Systematic library assessment is on the move. The Edge Initiative shows US entrepreneurship at its best.
The initiative was launched in 2011 by a coalition of library and local government organizations, including The Bill and Melinda Gates Foundation.
The goal is to develop a suite of tools that support continuous improvement and reinvestment in public technology. Thia approach was probably inspired by the Gates Foundation, which has always emphasized evidence-based planning and assessment.
Edge is developing a rating system comprised of benchmarks and indicators designed to work as an assessment tool – will help library staff understand best practices in public access technology services for their communities and determine what steps they need to take to improve their technology services.
The whole system looks very well designed: balanced, clear and comprehensive. The instrument has been developed for a US context, but the basic approach could well be a model for similar initiatives in other countries.
Since we are looking at statistical indicators rather than evaluation and assessment in general, I have extracted the more statistical components. Version 1.0 of the benchmarks asks for three types of statistics: survey data, book-keeping data and web traffic data,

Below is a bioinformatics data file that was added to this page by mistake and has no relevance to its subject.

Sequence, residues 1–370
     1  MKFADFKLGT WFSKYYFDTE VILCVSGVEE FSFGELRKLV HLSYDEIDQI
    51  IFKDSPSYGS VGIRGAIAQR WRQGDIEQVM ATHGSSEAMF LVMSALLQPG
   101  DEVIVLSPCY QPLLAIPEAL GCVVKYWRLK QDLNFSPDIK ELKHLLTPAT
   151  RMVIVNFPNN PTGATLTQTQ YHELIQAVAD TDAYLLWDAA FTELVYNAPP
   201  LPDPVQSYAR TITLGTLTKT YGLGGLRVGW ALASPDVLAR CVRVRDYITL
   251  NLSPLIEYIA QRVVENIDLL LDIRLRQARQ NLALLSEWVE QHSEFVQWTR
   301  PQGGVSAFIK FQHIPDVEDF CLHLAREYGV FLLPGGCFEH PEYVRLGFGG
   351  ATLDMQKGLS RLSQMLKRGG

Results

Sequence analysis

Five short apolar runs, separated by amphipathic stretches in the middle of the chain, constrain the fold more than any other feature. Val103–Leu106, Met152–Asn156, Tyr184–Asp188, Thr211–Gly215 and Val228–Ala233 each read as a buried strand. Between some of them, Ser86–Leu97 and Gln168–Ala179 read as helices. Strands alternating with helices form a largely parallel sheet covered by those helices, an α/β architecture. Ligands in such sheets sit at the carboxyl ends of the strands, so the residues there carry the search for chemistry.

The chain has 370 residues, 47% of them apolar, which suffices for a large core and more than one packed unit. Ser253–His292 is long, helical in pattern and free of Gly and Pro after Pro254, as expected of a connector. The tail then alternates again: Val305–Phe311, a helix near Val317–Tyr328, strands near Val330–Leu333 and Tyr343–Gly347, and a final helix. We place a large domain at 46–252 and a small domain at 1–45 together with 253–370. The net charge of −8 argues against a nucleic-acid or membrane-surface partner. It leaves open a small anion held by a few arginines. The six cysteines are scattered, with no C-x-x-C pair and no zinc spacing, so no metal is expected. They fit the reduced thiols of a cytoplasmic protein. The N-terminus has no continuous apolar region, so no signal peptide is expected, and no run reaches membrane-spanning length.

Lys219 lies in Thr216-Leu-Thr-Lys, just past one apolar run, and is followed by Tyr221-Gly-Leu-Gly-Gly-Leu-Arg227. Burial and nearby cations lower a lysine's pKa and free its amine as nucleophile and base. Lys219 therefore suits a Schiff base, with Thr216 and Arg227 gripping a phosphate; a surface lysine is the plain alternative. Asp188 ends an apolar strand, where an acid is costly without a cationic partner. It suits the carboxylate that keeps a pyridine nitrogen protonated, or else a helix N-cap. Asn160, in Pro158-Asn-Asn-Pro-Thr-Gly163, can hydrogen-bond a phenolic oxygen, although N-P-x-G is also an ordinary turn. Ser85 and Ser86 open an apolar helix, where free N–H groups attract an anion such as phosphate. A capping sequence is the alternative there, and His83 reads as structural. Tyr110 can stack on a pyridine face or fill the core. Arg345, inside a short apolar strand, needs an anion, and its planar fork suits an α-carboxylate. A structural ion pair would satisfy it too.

The library surveys patrons annually about public technology use and outcomes in the following purpose areas:
- Workforce development
- Health & wellness
The following questions are included in an annual survey:
- Patron satisfaction with library technology
- Personal importance of library technology
- Importance of library technology to others in the community
- The following metrics are tracked on an ongoing basis:
- Number of hours public devices are in use by patrons
- Number of attendees in technology classes
- Average wait times for public devices
- Number of wireless sessions
- Number of requests for one-on-one technology help
- The library has a sufficient number of device hours available on a per capita basis. (Proposed categories: 3 to 6 hours; 6 to 12 hours; more than 12 hours per capita)
- Web analytics are used to evaluate the use of online library resources annually
- Library website usage reports are reviewed at least quarterly
- Subscription content (e.g., databases) usage reports are reviewed at least quarterly
- The Edge Initiative. Home page.